I hope that telling you this will give you some hope. Finding this site was a huge part of my recovery and the support has been incredible.

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Reply by JennJilks
01 Sep 2014, 1:37 PM

What a difficult time, firstly, then facing insensitive comments. I am sure that you remember these more often than the sensitive ones. Perhaps write down the comments that have been helpful.

I tend to call a spade a spade and I will tell ain insensitive person, "Your comments are hurtful in my time of grief." and leaving it at that, walking away.

I think family members want you to get back to 'normal', whatever THAT is. They are not wanting to experience grief. It is all such an individual thing. I still have cousins I'm not speaking to –which is another long story! One phoned me, 3 days after mom died, to point out her bathroom was dirty and I should clean it. I told her off. She said, "Don't you be snippy with me, young lady!" At the time I was 50, she was in her 60s! 

I ended up in a deep depression and quit my job. I found that people were totally unaware of my situation and coworkers were the worst.

That said, this community has been very helpful. Understand the differences between grief, morning and bereavement. KNow you will get through this. Give yourself permission to do so at your own speed. 
I like to take my grief out, like a cloak, wear it for a time and put it away, moving onto the things I have to do. Then, when I am ready, I put it back on. This was the only way I could manage it. Wearing my cloak, I gave my self permission to cry, yell, feel the anger and all of the emotions. Your feelings are not wrong. They just are.
Creating a collage (newspaper words, magazine photos, symbols)  of what your loved one meant to you is helpful. It's something done in many bereavement courses. 
I found writing my late father's obituary very helpful, as I remembered the good days., forgot about the difficult parts at the end.
All the best. 
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Reply by KathCull_admin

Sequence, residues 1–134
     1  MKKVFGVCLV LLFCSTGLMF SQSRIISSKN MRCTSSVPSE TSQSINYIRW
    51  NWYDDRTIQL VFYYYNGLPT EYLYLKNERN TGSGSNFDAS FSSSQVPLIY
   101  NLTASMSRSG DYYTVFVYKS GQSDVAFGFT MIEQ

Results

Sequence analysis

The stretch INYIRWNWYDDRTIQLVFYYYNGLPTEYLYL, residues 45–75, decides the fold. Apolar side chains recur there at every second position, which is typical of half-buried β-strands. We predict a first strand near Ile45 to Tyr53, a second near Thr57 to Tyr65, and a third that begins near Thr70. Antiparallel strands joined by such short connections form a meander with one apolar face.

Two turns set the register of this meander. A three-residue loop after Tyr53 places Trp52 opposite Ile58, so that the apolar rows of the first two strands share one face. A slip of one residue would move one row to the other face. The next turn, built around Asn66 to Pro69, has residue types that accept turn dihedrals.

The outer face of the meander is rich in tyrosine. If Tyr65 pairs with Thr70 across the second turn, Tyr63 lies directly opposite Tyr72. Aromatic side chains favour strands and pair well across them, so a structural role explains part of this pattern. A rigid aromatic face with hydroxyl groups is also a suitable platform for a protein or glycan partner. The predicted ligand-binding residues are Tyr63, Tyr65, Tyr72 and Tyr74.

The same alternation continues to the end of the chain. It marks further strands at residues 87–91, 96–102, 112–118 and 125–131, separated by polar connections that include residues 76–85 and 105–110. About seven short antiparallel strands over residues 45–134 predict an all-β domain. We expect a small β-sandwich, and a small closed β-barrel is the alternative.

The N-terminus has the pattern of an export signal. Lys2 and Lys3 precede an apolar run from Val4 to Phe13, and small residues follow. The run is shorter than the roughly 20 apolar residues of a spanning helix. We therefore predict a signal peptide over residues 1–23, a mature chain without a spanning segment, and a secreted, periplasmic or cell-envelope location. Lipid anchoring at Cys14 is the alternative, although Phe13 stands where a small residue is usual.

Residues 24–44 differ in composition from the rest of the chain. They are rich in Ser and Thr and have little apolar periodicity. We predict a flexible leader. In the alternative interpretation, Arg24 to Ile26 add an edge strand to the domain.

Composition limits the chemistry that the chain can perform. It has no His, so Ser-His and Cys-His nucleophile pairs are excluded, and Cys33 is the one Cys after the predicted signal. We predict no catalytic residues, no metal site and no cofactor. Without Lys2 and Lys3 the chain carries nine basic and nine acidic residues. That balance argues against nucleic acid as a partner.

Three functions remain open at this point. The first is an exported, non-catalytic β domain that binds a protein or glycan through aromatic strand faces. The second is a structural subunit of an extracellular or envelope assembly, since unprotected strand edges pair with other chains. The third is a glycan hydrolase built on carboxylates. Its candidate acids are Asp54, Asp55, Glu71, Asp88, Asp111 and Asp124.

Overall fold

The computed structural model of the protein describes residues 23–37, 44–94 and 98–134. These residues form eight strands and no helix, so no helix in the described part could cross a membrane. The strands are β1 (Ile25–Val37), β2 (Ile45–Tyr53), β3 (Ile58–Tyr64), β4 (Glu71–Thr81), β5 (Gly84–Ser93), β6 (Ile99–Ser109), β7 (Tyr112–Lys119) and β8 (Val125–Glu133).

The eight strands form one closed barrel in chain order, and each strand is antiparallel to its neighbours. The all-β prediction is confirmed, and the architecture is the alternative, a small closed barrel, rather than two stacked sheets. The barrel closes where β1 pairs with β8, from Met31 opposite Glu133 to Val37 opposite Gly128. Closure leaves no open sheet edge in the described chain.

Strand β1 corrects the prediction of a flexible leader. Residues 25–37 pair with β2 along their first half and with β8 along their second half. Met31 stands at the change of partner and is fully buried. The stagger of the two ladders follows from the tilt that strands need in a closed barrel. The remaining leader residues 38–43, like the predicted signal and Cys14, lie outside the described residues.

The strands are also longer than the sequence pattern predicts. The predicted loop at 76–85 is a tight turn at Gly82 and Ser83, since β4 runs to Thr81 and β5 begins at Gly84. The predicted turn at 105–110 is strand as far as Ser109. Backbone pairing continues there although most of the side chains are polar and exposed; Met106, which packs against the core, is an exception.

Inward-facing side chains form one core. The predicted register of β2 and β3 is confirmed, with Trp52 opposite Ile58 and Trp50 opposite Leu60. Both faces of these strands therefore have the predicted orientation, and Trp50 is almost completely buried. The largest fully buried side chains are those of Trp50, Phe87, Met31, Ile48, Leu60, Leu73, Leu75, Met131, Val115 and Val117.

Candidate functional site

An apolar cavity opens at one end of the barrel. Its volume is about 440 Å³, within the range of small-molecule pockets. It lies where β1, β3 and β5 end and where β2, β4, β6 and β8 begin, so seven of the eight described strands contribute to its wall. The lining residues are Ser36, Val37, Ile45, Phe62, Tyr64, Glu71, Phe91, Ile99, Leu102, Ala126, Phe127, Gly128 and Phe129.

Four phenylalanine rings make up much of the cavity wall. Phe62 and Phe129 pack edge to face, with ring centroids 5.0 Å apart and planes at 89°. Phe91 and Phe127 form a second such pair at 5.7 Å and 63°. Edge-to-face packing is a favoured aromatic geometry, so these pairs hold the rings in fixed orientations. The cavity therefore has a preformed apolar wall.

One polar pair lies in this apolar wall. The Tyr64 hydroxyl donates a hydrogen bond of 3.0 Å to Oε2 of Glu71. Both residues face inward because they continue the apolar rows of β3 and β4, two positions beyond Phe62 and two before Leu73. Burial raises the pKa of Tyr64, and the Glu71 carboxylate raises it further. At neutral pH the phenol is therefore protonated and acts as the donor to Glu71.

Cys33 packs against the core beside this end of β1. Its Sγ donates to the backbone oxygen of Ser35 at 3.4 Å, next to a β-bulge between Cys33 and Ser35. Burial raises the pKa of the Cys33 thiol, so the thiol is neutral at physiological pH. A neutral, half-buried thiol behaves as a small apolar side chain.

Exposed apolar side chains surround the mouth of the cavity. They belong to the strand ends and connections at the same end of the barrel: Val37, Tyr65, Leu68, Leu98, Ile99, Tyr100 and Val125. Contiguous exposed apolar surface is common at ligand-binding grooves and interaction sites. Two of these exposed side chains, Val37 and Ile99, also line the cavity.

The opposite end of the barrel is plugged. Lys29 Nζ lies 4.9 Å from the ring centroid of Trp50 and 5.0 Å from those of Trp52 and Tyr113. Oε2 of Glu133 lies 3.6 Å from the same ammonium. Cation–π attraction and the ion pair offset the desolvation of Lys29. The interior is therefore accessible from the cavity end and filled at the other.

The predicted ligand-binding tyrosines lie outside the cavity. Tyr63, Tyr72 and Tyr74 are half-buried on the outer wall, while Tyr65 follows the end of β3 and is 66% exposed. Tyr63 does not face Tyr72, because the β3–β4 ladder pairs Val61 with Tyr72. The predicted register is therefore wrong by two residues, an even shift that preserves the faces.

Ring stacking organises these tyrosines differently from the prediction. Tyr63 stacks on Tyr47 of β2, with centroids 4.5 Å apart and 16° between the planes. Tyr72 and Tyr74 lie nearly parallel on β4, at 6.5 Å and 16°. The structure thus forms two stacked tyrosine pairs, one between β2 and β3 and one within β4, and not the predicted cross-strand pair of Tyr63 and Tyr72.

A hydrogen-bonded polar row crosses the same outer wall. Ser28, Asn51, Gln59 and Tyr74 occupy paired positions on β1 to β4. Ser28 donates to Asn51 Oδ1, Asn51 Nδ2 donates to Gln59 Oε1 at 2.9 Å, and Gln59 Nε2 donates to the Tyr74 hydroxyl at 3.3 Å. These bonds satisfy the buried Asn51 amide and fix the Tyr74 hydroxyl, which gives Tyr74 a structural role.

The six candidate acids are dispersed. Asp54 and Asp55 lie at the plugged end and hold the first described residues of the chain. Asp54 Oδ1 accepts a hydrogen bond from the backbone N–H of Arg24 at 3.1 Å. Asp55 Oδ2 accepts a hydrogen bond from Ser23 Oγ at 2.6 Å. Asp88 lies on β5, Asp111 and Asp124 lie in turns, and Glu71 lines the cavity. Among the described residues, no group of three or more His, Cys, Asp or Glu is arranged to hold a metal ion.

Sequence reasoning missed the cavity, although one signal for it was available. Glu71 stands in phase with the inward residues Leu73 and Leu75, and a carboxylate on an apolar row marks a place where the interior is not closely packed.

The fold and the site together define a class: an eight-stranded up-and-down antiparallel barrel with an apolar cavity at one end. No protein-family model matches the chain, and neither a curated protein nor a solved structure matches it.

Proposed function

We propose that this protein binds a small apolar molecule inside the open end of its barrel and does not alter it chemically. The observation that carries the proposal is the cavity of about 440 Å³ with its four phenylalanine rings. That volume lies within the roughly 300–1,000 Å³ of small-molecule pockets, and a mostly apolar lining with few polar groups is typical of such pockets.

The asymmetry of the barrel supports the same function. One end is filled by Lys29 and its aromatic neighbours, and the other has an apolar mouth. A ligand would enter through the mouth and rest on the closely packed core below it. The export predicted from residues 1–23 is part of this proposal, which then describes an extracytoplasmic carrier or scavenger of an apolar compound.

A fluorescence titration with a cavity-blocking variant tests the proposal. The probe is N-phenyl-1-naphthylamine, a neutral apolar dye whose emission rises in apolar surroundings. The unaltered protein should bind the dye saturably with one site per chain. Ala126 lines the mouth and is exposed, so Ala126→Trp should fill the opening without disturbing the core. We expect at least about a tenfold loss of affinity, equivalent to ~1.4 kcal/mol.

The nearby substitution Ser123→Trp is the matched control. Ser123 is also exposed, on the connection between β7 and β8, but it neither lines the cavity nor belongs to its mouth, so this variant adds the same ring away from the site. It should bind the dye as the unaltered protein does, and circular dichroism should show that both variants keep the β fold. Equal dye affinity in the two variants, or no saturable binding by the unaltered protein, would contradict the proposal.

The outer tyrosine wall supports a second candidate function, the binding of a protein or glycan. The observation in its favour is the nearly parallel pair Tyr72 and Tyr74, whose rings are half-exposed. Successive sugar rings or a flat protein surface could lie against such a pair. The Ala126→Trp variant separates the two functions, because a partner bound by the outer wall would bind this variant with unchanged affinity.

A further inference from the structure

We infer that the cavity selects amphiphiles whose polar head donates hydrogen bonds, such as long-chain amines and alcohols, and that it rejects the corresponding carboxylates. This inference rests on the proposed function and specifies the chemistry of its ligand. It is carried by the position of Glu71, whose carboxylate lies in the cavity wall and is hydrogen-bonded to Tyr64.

09 Oct 2014, 4:03 AM

I was wondering how you are Caitee. Is that wall of despair as overwhelming as it was in August? 

Missie, I read on lost from a broken heart that it continues to be hard to find support in your area. I know you walk your dog - are there other activities or things that you have found helped as you grieve?

You both mention pets in your life. I believe that animals can be a great comfort. We have a little Yorkie who despite her loud and piercing bark - seems to know just when her little body is needed make me feel better.

I look forward to hearing from you both as you are able.


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Reply by Caitee
09 Oct 2014, 5:00 PM

Hi Katherine,

The wall of despair has slowly morphed itself into a drowning sadness most days. I've managed to seek out a bereavement counsellor that I've been seeing weekly. I joined a grief and loss group at our church that meets weekly as well but find that by being the youngest by far in the group leaves me feeling out of place since I come with such a different point in my life than the others in my group.

Each day is a slow process of ups and downs. Some days I actually accomplish things, while others are primarily days of rest in bed. Unfortunately I've had to deal with continuing piles of paperwork and unending frustrations from my late husband's ex wife... I can only pray that things will improve. There have been some extremely hard days. There was the fire fighter memorial dedication ceremony this past weekend and it was as though I was reliving a good part of my husband'd funeral because there were similar pieces that were the same. I barely got that "under my belt" and I was handed a copy of the funeral service on DVD just yesterday evening....I think to myself, really people? Is there not a shred of common sense around these days?

As the time passes, the relationships I have with my step-children have already begun to drastically change and I suspect will change more over the coming year too. That's been difficult to adapt to. 

I'm stuck when it comes to my job and my life still. I feel as though I have lost all direction and am struggling on which way to go now... When I look back I can see all the choices that brought me to be there with Kevin, but now that he is gone, where do I go from here? I am clearly more aware of my life, its path and my choices and find that I'm fearful of what is the right thing to do.  

One day at a time...moment by moment.

- Caite